Why leverage engagement as a driver of behavior?
Scientists have found, and our own experience confirms, that human beings have a mix of drives. One is the biological drive. We eat when we’re hungry, drink when we’re thirsty and have sex to satisfy our carnal urges. That first drive is part of what it is to be human. Few would dispute that. But equally, few would argue that the biological drive explains everything it is to be human (except perhaps in the case of young men between the ages of 15 and 18).
After all, we also have a second drive. You, I and the rest of our species often respond exquisitely to rewards and punishments in our environment. Promise us a pay rise or a bonus, and we’ll work harder. Threaten to dock us for showing up late or for incorrectly completing a form, and we’ll arrive on time and tick every box. This second drive “ our reward-and-punishment drive “ is part of who we are. But once again, it’s not all we are.
Because human beings also have a third drive. We do things even when they don’t satisfy our biological urges, win us a reward or help us avoid a punishment. We play musical instruments during the weekend simply to master something challenging. We quit high-paying jobs to take new jobs that are less lucrative but more meaningful. Human beings, says University of Rochester psychologist Edward Deci, have an “inherent tendency to seek out novelty and challenges, to extend and exercise their capacities, to explore and to learn . Few would deny that this third drive is also part of what it is to be human.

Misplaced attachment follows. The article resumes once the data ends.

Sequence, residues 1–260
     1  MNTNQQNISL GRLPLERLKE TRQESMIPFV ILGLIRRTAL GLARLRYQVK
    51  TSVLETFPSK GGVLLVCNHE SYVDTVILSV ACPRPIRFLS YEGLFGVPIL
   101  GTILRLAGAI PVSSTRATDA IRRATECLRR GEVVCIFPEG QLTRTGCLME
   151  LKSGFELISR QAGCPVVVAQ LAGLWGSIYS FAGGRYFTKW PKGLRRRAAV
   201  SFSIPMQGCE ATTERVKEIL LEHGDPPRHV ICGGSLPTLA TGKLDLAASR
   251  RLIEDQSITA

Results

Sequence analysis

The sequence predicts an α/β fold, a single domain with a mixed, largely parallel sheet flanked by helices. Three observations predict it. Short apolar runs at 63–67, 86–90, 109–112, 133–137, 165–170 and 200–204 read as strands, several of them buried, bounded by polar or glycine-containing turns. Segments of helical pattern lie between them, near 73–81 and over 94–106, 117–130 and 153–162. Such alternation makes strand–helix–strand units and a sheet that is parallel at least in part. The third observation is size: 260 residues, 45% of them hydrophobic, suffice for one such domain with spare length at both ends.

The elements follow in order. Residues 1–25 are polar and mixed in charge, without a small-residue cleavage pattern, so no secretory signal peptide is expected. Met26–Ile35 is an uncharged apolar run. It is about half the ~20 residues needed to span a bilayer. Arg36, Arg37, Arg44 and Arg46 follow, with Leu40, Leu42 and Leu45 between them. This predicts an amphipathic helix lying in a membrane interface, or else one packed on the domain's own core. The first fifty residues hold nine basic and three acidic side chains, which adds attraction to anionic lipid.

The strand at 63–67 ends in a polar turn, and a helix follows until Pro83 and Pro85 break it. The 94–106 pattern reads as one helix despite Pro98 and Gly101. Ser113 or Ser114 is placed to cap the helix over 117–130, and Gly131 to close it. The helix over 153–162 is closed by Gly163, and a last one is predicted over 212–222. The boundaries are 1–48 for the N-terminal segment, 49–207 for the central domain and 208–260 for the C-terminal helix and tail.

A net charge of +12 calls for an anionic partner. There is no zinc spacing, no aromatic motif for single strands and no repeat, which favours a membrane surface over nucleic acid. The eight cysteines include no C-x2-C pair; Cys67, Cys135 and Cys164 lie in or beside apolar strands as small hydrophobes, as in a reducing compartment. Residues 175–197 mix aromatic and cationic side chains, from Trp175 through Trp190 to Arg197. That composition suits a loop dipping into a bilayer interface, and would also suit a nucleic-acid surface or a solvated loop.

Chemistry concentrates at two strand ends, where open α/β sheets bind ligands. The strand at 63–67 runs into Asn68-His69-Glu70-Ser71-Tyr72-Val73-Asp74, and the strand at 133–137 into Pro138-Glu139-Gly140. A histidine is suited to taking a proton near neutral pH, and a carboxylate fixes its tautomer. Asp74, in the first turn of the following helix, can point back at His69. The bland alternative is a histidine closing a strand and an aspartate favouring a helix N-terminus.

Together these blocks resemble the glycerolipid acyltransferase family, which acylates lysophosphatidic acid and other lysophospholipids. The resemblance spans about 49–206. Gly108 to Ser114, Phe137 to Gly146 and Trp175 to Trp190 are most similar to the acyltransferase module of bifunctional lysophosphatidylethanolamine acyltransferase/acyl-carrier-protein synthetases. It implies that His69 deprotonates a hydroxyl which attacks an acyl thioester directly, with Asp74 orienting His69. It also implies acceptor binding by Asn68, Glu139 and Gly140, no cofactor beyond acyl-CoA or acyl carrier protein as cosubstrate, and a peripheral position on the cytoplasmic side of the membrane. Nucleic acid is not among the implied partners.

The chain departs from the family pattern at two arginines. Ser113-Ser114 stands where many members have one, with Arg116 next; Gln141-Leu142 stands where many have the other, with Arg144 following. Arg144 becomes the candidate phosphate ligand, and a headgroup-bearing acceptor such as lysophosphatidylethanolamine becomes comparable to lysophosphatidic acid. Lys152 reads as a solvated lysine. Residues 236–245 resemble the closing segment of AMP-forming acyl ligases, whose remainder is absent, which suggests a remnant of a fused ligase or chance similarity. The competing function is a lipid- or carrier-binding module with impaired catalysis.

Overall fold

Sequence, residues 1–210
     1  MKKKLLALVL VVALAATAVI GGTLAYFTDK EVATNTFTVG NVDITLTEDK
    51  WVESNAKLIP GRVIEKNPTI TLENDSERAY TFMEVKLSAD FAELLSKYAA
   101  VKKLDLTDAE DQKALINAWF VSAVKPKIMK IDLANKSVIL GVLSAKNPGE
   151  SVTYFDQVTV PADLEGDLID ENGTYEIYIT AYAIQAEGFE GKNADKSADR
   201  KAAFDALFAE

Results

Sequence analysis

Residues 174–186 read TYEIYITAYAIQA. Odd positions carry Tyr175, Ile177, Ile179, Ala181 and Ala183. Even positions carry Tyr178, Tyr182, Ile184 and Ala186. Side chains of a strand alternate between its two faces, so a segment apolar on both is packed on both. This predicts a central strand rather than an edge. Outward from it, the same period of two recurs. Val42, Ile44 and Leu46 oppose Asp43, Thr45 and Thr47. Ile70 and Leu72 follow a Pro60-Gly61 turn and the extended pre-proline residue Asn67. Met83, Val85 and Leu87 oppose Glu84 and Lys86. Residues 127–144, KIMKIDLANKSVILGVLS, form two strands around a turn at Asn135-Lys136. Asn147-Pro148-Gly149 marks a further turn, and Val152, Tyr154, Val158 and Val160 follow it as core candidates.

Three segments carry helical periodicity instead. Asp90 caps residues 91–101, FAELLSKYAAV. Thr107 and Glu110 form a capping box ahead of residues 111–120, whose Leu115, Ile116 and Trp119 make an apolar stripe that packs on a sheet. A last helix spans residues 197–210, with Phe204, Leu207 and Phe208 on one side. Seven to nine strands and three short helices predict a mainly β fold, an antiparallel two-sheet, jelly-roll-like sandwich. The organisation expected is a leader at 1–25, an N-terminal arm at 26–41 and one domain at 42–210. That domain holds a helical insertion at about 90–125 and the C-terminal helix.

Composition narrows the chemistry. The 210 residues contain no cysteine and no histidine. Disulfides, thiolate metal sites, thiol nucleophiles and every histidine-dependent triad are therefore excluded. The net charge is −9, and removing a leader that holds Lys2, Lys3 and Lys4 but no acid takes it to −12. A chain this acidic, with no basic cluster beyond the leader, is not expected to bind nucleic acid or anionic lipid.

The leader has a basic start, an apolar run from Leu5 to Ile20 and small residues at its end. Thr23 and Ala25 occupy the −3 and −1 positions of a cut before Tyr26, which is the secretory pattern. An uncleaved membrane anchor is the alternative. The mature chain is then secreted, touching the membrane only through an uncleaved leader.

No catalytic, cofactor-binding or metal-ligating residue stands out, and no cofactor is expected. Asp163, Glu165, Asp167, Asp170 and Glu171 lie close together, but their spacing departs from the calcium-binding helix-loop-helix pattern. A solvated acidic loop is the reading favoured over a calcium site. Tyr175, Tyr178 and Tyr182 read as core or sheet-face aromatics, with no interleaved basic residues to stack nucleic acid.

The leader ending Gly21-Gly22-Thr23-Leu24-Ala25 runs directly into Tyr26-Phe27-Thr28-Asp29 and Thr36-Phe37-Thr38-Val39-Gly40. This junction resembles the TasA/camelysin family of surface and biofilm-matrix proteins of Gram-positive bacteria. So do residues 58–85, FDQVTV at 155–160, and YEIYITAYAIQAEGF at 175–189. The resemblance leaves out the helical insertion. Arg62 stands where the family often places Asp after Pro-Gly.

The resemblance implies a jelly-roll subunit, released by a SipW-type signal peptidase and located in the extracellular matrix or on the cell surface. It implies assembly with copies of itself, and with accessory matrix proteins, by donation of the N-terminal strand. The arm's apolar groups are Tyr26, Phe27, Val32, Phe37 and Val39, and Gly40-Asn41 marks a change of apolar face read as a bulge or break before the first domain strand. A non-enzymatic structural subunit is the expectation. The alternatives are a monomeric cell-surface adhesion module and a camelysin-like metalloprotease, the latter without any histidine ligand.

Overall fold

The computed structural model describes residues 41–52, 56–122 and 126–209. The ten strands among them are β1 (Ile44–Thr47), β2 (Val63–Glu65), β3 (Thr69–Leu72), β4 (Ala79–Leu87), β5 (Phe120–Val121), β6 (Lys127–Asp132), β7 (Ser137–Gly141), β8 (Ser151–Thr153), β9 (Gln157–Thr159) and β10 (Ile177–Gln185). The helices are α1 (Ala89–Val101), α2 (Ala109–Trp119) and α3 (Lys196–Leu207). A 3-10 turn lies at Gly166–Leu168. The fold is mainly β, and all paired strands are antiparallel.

In the business world, however, we too often stop at that second drive. We organise our enterprises around the belief that the way to improve performance is through an elaborate architecture of carrots and sticks. If we reward the behaviour we seek, and punish the behaviour we dislike, individuals will perform at a high level and their organisations will flourish. Or so the theory goes. In the 19th and 20th century, that approach “ enacted in businesses large and small on both sides of the Atlantic “ had a sturdy logic. Indeed, it works quite well when people are doing relatively simple, routine, rule-based work, whether this involves turning a screw on an assembly line or processing paper in an office.